Progress is immutable. Fashions, mechanics, technology, and ideologies all change through the temporal waves of history. It is a law that governs all. However, there are some that fight tooth and nail at the all-consuming tide; attempting to keep something of the old close so that a certain history isn’t forgotten. Ducati has been one of those stalwart brands. A company with a nearly 100-year history of producing motorcycles a certain way—the way of the V-twin engine.
For 91 years, the Italian bike builder has produced some of the most easily recognizable motorcycles; at least in terms of auditory pleasure. The twin has been what defines the brand and its soul. That, however, is changing as Ducati says it’s reached the twin engine’s mechanical apex. Nothing more can be teased out of the platform. Progress must now be accepted. And that evolution comes in the form of a brand new V-4 engine.
While Ducati has developed prototypes with similar engine configurations, the new Panigale V4 remains the sole V-4-powered production-motorcycle ever created by the company. RobbReport.com recently sat down with Jason Chinnock, chief executive officer of Ducati North America, to discuss this apparent changing of the guard and where he sees Ducati down the road.
RobbReport.com: Introducing the new Panigale engine is a fairly large departure from previous iterations and Ducati’s street bike heritage. What does the V-4 engine mean for both the brand’s heritage and future?
Jason Chinnock: It’s interesting. The V-4 engine isn’t a tremendous departure because we’ve actually been in the development with V-4 engines for quite some time [Note: Ducati’s MotoGP team uses V-4s]. But even prior to what people think they know about the MotoGP development, we had a motorcycle many years ago called the Apollo, which was a concept bike specifically designed for the North American market. There have also been other [V-4] engines that I’ve seen in Ducati’s archives.
We’re always pushing ourselves to find the best possible solution, but still deliver the Ducati experience, and basically felt that the twin—as we know it today in the world of superbikes—had reached its crescendo.
Ducati is actually a company established in style, sophistication, and performance. Performance, however, means we must evolve. And that’s definitely not a departure.
RR: There have been quite a few sport bike manufacturers experimenting with forced induction. With the introduction of the new V-4, has Ducati looked into integrating a turbocharger or supercharger in order to add power?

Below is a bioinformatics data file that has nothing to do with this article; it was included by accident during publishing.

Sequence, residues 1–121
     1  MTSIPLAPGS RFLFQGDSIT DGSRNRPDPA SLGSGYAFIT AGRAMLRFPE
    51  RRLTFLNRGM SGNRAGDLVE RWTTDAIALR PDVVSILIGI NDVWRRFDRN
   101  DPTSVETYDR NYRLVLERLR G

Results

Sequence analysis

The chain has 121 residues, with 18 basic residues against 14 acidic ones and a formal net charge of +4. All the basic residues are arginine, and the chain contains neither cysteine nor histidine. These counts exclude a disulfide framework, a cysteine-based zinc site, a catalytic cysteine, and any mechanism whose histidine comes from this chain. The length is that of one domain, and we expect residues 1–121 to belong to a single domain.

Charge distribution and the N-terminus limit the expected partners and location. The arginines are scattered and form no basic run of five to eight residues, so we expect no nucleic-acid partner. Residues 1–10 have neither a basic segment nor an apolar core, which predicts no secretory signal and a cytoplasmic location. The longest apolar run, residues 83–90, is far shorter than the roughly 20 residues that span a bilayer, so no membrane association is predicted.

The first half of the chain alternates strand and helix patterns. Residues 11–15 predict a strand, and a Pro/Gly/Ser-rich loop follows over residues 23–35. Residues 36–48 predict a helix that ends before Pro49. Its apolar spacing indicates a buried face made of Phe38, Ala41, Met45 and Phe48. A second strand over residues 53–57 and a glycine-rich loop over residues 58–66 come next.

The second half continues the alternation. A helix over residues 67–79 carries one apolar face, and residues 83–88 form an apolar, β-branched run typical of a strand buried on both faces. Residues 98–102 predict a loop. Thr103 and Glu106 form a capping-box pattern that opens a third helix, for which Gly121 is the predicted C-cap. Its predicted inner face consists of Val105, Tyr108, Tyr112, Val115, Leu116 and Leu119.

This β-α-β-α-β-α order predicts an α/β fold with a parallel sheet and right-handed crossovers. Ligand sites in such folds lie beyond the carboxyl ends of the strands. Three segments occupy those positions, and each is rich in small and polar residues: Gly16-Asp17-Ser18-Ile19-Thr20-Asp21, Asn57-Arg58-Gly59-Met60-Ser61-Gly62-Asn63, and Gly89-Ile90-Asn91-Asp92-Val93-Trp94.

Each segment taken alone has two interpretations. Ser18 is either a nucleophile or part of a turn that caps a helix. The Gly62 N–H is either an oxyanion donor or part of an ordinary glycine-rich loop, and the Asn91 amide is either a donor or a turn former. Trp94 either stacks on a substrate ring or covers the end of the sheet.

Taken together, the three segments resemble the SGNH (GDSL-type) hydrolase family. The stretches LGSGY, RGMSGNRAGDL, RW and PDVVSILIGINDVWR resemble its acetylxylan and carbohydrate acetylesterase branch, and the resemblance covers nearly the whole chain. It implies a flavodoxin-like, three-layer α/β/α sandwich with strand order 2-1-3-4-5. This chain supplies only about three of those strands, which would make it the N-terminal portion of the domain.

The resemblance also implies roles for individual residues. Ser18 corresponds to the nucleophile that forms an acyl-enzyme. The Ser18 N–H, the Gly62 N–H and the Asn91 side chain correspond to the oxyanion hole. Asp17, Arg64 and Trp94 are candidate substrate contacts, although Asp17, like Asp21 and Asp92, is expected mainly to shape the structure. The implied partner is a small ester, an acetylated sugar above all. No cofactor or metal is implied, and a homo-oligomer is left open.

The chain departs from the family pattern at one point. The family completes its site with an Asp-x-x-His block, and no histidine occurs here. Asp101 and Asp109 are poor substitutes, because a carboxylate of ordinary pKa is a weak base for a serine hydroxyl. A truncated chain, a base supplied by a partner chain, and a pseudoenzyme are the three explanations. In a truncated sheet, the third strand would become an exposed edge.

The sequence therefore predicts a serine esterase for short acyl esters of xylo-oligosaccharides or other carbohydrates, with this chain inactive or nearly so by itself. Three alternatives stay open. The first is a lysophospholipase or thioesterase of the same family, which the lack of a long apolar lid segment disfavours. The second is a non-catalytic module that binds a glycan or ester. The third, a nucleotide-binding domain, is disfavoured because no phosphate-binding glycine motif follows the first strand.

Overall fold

JC: That’s an engineering question that’s honestly out of my league. That’s one of those questions that’ll make me now go pester our engineering team until they tell me all their secrets.
RR: Ducati has made the Scrambler the brand’s most versatile platform. It has a Cafe, an off-road model called the Desert Sled, and a standard bar hopper. Is there any other variant you’d like to see developed?
JC: I think the way that we’ve been evolving the Scrambler has been excellent. Especially now, with the addition of the Scrambler 1100, which really provides owners with an available next step. And with the number of Scramblers that we’ve been able to sell over the last three years, people are now looking for that next step. I myself even bought a Scrambler 800 Desert Sled because it was the perfect bike for me and how I grew up riding.
But while I love the simplicity and the purity of a Scrambler, I’d love to add some functionality—while keeping its aesthetics—in terms of adding more capability for weekend riding— a Scrambler that you could put your significant other on the back of and go for a long weekend.
RR: With the automotive world working toward an EV future, and a few startup EV motorcycle builders making big noise, is there an electric motorcycle in Ducati’s future?
JC: I will say that, right now, there’s not a sensible solution that delivers the Ducati experience. I can say that we’re always in development of new ideas and platforms and products. It would be foolish to not consider what options there are for the future. But it’s important to us that whatever product comes to market has to be consistent with the DNA of Ducati—that soul of the bikes and company—and has to deliver the experience that people expect from our motorcycles. We have to bring something that’s worthy of the badge; something that’s uniquely Ducati in every aspect.
RR: Ducati is creeping up on its Centennial birthday. Is the company planning anything special to celebrate the milestone?
JC: Absolutely. It would be a missed opportunity to not do something out of this world. I mean, we made a lot of noise after 90 years. Especially for us in the American market, many think we’ve only been around for the last few decades. We’re like “No, we’ve been around for almost 100 years—that’s a big deal.” I’ve been a fan, an owner, and, now, an employee of the brand for almost 20 years now, so that’s going to be an incredible day.